It was on the Tuesday – two weeks after I had applied for the place in the schools’ nursery – that I mentioned to hubby that I hadn’t heard from the school, so I phoned them.  They apologised for not contacting me, but announced that they would be pleased to have Gning from that Thursday!

He took to his new school like a duck to water.  He loved it.  He made lots of friends, and even had five ‘girlfriends’ at one point!  His attitude started to improve again, and he started to learn to recognise numbers, and to write his name.

Today is the 7th September 2015.

Even though Gning has been attending nursery for quite some time, I feel today is a big step.  It’s his first day (back) at school (nursery), but this time he enters it for the full school year.  No doubt the friends that he makes this school year will be the friends he will have when he moves up to the reception class next year.  Who knows?  He may even meet his “friend for life” in this school year.

I am so proud of my little man, and all that he has accomplished throughout the past 18 months (no – his whole life).  I love him to pieces, but they grow up too fast…

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It’s all happening today…

Today I am 38 weeks pregnant.

Last night was the last time I will ever sleep in my own bed, cuddling my ‘only’ child.

At 6pm today, I am being admitted to hospital, as because I am having an elective c-section (due to medical reasons), I need to start a course of steroid injections before the surgery.  My antenatal consultant stated that I could have had the injections as an out-patient, but because of complications that could arise, she would rather that I just go in today as an in-patient, and “see it out”.  I thought it best to follow her advice.

On Monday, 1 June 2015, our second ‘bundle of blue’ will be ‘hatched’ in to the world.  I have no idea on the time of the surgery yet, although I have been told that because I will already be an in-patient, it is more than likely going to be the first or second section of the morning.

I’m nervous.  No.  I’m terrified.  I have what is known as the ‘second child fear’.  I suppose I should have tried to tackle this much earlier, but I have been assured from so many people that my thoughts will disappear.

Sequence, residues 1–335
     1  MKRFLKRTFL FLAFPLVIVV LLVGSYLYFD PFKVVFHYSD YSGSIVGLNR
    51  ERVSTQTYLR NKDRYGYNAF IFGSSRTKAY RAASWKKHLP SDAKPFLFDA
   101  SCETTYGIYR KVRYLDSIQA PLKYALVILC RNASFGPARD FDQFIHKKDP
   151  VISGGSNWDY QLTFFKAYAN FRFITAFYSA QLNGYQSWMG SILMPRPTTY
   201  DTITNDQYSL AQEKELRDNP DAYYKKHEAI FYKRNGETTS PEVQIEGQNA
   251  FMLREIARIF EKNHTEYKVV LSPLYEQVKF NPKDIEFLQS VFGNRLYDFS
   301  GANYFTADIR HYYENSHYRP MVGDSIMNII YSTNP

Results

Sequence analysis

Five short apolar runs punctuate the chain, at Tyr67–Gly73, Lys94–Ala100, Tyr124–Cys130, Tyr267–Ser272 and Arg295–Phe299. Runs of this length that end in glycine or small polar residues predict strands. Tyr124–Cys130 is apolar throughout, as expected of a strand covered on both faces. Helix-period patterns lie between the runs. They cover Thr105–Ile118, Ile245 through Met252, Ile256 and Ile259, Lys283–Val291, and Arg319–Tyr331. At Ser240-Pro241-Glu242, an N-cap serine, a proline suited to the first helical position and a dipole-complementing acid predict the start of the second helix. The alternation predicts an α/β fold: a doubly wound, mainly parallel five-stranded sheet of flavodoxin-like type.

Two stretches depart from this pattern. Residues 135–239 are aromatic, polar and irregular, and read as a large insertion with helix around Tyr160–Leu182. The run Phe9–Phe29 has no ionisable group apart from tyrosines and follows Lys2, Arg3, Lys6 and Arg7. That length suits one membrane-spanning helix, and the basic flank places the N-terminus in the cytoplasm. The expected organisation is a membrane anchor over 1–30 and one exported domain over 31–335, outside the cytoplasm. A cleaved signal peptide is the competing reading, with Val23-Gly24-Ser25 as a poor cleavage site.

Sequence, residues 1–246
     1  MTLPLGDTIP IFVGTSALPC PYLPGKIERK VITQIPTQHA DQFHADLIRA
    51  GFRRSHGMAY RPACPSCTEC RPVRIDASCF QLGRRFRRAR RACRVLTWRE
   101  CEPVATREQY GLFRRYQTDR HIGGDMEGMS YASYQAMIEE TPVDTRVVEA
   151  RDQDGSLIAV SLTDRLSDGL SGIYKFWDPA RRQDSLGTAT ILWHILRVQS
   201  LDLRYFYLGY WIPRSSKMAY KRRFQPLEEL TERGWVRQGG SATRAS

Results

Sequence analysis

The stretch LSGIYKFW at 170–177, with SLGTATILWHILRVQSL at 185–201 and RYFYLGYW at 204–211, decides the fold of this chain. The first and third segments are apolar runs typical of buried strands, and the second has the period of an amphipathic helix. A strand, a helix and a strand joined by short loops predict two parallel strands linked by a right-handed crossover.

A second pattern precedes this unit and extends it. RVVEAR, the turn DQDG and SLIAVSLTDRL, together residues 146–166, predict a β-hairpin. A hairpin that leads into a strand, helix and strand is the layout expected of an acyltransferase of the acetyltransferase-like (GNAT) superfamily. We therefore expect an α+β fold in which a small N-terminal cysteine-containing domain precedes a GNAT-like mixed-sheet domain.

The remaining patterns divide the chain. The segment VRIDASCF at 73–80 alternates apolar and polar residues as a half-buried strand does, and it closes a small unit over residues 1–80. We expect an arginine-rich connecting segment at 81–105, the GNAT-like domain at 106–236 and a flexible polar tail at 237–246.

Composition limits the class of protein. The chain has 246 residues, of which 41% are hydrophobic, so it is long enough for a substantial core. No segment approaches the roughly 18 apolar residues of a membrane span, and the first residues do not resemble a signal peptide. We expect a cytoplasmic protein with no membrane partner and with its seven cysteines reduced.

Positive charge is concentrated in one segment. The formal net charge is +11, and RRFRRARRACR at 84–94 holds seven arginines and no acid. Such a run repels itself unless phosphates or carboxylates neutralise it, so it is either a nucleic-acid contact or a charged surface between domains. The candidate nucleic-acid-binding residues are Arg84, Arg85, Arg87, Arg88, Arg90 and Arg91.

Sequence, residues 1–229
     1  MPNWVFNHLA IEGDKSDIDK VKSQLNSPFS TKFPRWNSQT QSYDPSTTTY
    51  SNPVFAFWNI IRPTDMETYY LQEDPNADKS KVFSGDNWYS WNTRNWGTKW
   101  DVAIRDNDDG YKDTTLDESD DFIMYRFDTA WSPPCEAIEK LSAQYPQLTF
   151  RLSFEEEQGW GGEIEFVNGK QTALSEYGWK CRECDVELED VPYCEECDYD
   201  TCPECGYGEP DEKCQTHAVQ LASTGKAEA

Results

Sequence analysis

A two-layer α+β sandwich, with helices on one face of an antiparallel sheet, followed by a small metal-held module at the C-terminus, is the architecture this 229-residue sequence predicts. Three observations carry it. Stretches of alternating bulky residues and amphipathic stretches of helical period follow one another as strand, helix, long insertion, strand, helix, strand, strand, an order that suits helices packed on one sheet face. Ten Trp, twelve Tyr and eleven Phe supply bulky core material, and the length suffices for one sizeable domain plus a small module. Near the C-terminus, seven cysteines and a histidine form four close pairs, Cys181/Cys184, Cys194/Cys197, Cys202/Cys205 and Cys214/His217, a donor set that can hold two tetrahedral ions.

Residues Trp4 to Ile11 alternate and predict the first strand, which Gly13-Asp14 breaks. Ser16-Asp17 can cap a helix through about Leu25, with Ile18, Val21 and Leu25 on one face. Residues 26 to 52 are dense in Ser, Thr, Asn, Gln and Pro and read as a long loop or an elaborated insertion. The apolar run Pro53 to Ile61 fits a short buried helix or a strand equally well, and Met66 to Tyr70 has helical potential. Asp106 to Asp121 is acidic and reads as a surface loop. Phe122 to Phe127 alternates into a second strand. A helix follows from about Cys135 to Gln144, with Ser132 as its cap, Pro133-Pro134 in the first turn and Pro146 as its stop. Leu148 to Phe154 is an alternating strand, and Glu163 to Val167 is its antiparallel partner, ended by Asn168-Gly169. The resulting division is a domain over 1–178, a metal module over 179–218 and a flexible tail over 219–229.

Basically, I am worried that Gning is going to feel neglected when Donut comes along.  Is he going to be jealous..?  I don’t think so…  He’s been cuddling me, and asking questions – for probably the past 6 months – and asking if he can “shake Donuts hands” when he’s here.  I don’t think the problem is with Gning.  No.  It’s me.  I’m scared that I cannot love a second child…  Will I be able to love Donut as much as I love Gning?  Will I have to share the love..?  According to everyone I have already spoken to, they are empty anxieties.  I will always love my little man as strongly as I do now; and when Donut arrives, and is in my arms, apparently, there’s another “bubble of love” that will pop, and it’ll be like I double the amount of love I have to give.

I’m ok.  I promise!  It is just the nerves talking…

It’s 9:10am, Saturday morning.  I’ve been up for a little under an hour; and I already have my lunch in the slow cooker.  We’re having braising steak, in a mushroom gravy, with baby new potatoes (with the skins still on); buttered with herbs.  It was delicious last time we had it, and I imagine it’s going to be just as lush this time – although hubby dearest is disagreeing me with, as he and mushrooms just don’t see eye-to-eye…  Ahh well.  It just means more for me 😛

I have a relatively full day today.  You know – considering I said that I am going to try to have a lazy day at home, before heading up to my parents, so they can ‘escort’ me to the hospital.  Plans never seem to follow through though, when you want a quiet day.

So, this is the last post I am making as being a parent to an ‘only’ child.  The next post I write will no doubt be to introduce our latest addition 🙂

Until then, have a wonderful weekend x

I cannot see my toes any more…

It’s official, ladies and gentlemen.  I am over halfway through my pregnancy.  Today, I am 20 +3 weeks.  My estimated due date still stands at 13 June 2015.

I use the term “estimated” loosely in this sentence, as I have had somewhat of a difficult pregnancy, and with my consultant basically telling me that although I could try for a natural birth, the odds of a successful one are only at 65%.  Therefore, I have been told that they strongly recommend an elected c-section.